• Single Shot HDR. Accessed via HDR Presets, this feature lets you see detail in blocked shadows and recover blown highlights in a single Raw or JPEG image file, making it applicable to moving subjects (see Case Study 6).
  • New Raw Converter. The new converter enhances noise reduction, especially useful when you can only capture the shot at high ISO. The company claims the improvement is significant not just between ISO 400 and 1,600 but even up to ISO 100,000 (see Case Study 3).
  • More Optical Modules. Late last year as production surpassed 2,500 Optics Modules, the company announced it would increase the rate of production "to achieve 5,000 modules by the end of 2011." Updates this year have been fast and furious as a result.
  • Revised Interface. Version 6 is friendlier to beginners without bottling up previous owners. Workspaces are configurable by the user to display controls as First Steps, Essentials, Power User, etc. Lightroom 3 integration is better, as well.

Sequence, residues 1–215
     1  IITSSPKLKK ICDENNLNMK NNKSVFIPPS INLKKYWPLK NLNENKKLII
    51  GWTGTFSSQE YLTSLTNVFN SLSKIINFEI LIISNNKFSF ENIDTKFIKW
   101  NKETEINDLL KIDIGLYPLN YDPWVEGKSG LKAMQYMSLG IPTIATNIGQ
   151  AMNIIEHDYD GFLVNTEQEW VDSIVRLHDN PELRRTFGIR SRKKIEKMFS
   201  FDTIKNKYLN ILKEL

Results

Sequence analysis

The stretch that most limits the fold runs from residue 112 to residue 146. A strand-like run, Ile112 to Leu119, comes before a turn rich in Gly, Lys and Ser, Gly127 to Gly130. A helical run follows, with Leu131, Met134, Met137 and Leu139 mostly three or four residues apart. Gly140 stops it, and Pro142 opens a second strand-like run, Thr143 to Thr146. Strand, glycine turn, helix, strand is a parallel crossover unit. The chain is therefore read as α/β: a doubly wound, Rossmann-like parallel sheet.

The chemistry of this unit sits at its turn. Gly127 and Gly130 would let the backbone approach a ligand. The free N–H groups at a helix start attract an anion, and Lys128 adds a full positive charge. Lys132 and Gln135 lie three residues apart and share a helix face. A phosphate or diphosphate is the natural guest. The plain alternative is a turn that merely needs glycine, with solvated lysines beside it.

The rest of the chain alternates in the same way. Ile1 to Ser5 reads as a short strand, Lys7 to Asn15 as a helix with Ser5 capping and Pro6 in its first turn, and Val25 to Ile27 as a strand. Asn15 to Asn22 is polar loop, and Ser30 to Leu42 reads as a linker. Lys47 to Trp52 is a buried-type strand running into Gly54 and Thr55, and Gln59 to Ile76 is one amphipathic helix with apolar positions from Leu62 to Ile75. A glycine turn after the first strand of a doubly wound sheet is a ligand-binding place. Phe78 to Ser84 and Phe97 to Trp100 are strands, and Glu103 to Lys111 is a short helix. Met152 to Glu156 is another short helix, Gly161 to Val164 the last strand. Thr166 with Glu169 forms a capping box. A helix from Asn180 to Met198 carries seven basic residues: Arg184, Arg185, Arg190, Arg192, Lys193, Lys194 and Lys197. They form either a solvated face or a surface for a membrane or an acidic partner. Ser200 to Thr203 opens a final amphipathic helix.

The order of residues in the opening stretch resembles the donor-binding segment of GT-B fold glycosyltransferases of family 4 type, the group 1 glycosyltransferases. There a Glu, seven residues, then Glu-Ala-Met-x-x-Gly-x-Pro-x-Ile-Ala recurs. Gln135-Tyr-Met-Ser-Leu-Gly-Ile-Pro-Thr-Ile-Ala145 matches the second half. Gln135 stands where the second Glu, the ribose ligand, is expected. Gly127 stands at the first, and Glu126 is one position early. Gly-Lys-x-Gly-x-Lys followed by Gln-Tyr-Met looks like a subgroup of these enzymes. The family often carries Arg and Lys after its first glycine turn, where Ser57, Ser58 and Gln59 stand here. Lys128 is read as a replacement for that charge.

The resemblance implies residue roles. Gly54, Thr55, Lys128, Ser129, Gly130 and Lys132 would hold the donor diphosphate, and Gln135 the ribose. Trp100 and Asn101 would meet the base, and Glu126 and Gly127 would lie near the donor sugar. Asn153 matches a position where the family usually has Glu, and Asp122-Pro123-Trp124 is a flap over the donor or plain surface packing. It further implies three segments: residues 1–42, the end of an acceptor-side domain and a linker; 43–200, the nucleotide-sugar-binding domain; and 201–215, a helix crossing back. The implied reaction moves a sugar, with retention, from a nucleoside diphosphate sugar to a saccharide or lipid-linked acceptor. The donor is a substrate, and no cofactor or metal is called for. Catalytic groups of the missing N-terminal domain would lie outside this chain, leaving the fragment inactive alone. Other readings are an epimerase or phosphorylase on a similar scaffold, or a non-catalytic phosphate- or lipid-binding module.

• More. Other improvements in the latest release include manual optical corrections where there is no DxO Optics Module available, expanded library of processing presets, a First Steps Assistant to guide you through the workflow, automatic Project saves in Windows, improved Projects window, automatic download and installation of DxO Optics Modules.

And with the recent release of v6.6, Optics Pro now features:

  • More control over noise in the JPEG images of supported cameras with a newly-extended range of the chrominance noise slider (see Case Study 5).
  • Noise can be manually reduced from JPEG images taken with any camera. With this new capability, all corrections available for supported equipment are now available in manual mode for any unsupported equipment.
  • A new color control slider has also been added to preserve the depth and colors of objects with certain saturated colors.

Finally, DxO FilmPack has been upgraded to v3, increasing the number of film simulations from 50 to 60, reproducing the style, color and grain of familiar silver halide films from Fuji Reala to Polaroid to Tri-X. It's the only way to "shoot Kodachrome" now, too. And you can even mix and match the effects. FilmPack works as either a standalone application or an Optics Pro and Photoshop plug-in.

We'll review FilmPack 3 separately.

SYSTEM REQUIREMENTS | Back to Contents

In general we found Optics Pro's hardware requirements on a par with other demanding image applications like Photoshop and Lightroom.